** Here's how my trout fishing session went :
Beautiful weather conditions forecast today had me heading off to the Meander River for a spin session, the river was running much higher than I liked but I was well overdue to have a fish in it. It wasn't an early start at all, it was just on ten thirty when I hit the river, the water temperature was a low four degrees which wasn't good to see. It was also running at 75cms which is 15cms higher to make for much easier wading conditions, care is a must in most fast water runs when it's running at this level. I would have liked to have given the fast water runs above the main road bridge but it wasn't safe enough for my liking so I had to settle for fishing a lower stretch of the river where it was much safer. My lure of choice was a Mepps #1 Aglia Furia, a great all round inline spinner that works well on the trout in most of the larger rivers I fish.
It was back to the Meander fast waters again this morning for another spin session to see if I can add a few more trout to my season's tally of 370 trout. I wasn't intending to fish the fast waters today mainly because of the right hip but then decided what the heck get in there and see how you go, if fishing there aggravates it then I'll get out and head to the slower flowing waters. The conditions were quite overcast and a cool six degrees when I hit the clear flowing river at 10:10am, the water temp was sitting on ten degrees and it was cold on the legs too. I started the session off with a small #00 White Miller Bug spinner, it's not a colour I would normally start off using but I wanted to see how it would perform in the dull conditions and clear water. Well, not a lot happened for around fifteen minutes or so before a cast directly upstream into a flat water a small brown took it. Two head shakes from that little brown and it was gone, it tossed the White Miller as quick as it took it.
After missing out not having a spin session yesterday, this afternoon I decided to head back to the fast waters of the Meander River. It was 2:25pm when I hit the water in what was perfect weather conditions with a light breeze and patches of scattered cloud.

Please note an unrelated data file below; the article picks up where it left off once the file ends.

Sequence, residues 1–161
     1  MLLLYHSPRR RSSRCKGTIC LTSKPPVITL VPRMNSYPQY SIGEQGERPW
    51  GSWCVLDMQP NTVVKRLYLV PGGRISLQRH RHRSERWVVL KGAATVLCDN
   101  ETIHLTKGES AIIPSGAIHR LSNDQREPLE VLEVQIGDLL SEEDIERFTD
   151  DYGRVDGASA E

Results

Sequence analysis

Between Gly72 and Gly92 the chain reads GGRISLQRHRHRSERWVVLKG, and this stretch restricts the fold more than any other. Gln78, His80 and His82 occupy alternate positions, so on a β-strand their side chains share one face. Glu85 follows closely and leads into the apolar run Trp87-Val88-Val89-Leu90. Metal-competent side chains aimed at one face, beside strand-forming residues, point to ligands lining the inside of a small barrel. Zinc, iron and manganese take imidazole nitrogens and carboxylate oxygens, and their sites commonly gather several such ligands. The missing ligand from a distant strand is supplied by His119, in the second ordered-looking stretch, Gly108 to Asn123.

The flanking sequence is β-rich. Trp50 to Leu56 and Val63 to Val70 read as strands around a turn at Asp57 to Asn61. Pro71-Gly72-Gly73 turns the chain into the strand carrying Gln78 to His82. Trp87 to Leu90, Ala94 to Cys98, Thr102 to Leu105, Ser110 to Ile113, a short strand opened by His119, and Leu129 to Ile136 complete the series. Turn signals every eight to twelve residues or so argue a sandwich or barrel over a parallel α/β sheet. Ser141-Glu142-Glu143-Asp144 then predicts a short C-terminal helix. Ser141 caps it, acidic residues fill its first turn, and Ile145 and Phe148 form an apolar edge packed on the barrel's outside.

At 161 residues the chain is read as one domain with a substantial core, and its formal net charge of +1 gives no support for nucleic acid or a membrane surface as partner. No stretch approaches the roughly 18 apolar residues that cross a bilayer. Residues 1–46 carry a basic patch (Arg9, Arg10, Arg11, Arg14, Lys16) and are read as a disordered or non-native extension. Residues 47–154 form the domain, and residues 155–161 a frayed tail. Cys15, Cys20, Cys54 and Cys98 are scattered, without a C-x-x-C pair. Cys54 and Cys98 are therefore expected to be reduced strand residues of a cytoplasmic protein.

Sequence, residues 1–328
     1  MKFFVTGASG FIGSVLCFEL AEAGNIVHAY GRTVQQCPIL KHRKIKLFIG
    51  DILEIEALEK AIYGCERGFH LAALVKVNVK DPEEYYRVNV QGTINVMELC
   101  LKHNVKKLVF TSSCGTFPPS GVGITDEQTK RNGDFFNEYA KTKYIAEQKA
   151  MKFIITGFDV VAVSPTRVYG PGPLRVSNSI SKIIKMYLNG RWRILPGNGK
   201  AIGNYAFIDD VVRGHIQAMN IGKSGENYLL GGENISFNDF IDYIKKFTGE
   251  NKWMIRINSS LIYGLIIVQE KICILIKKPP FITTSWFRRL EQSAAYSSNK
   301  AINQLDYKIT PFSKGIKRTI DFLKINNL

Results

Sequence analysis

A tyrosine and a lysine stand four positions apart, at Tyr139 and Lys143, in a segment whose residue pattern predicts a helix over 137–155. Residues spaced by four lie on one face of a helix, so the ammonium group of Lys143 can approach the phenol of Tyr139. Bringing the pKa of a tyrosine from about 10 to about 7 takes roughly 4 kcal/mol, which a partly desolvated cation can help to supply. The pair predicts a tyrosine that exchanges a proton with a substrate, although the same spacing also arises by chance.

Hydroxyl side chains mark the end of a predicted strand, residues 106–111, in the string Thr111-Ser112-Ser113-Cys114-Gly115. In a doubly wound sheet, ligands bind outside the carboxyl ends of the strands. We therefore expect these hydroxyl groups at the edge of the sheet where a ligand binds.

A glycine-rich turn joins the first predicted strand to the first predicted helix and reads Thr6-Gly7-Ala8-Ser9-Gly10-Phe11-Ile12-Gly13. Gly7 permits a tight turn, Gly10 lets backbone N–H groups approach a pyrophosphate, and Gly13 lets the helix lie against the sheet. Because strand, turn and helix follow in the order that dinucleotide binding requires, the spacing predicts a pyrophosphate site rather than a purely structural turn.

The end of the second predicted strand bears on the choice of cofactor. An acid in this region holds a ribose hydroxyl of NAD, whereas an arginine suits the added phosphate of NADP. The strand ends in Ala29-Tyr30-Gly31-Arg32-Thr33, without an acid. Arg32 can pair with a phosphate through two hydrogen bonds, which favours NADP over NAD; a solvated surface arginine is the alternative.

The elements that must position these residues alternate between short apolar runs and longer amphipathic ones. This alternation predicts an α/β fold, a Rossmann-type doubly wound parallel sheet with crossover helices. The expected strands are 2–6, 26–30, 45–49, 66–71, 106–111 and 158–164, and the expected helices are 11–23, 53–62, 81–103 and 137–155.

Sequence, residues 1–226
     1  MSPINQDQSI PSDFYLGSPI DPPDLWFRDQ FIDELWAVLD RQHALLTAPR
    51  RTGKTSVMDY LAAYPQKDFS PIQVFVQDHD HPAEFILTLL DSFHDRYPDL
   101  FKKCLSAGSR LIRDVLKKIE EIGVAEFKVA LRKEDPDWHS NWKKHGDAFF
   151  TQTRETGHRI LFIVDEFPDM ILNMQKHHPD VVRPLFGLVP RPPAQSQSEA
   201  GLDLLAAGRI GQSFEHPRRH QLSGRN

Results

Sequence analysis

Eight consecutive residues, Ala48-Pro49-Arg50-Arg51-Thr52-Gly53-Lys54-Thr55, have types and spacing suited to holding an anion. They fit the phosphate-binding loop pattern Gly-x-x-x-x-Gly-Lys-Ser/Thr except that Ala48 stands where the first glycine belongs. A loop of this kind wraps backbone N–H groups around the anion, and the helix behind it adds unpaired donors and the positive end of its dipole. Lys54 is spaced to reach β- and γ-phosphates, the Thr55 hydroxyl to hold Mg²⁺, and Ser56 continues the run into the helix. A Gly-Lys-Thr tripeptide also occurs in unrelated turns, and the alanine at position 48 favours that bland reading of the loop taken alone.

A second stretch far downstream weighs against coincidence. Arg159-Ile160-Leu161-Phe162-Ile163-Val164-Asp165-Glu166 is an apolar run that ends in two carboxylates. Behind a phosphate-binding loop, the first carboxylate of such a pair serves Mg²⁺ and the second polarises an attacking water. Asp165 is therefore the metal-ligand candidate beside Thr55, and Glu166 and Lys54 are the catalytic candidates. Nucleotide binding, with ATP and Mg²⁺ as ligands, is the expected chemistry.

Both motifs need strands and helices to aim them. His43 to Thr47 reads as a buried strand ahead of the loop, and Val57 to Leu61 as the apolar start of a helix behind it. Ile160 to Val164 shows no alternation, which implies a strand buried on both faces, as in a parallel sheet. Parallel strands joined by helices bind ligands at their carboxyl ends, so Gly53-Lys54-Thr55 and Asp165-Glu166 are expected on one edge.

The river level was a little lower than my last trip here, it was still running nice and clear, lure of choice for starters was the #1 Stone Fly Bug spinner. The first area I fished was a large wide deep stretch of medium flowing water, it was here I had a follow from a nice brown.
After having such a great fast water spin session a few days ago I headed back to the Meander to have another crack at getting a double figure catch. This time it was a mid morning start, a morning that had clear skies, light breeze and a temperature of 22 degrees later in the day.
It was 9:45 am when I hit the river above the Chestnut Road Bridge to fish a long nice stretch of fast water, the first thing I noticed was green algae covering the most of the river bottom. Soon as I had seen that I knew then and there it wasn't going to be a good day on the trout here. I did fish around four hundred meters of river without seeing a trout so headed back to the car and drove to the fast waters in the upper Meander River.
The weather today was supposed to be fine and windy with rain due later in the day, well it was 2:00pm and the sky was still clear, there was hardly any wind blowing so I headed off for a spin session. This trip was to the upper reaches of the Meander River to fish the fast water, a long stretch of water that holds quite a few trout at this time of the year. It was 3:40 PM when I hit the river that was running clear and in full sun which didn't bother me all that much, as the day goes on it will be shaded by the trees and foliage that line both sides of the river.
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Presented from Issue 105, August 2013
Christopher Bassano fishes over 250 days a year. This interview was recorded just before he headed off to fish for Australia in the World Fly Fishing Championships in Norway 14-17 August 2013.
I live on a small stream and at the start of the season I like to go off on a bit of a discovery mission and fish the headwaters of the creeks and rivers I feel an affinity with.
These small rivers include the St Pats, Meander, Forester, Little Forester and others. The further up you go on these rivers the clearer and lower the levels. They are often less affected by the rain and runoff and you get some good opportunities. Get as close to the source as you can and you will find some good dry fly fishing. Don’t limit yourself to those I have mentioned. Most headwaters will hold trout.Read more ...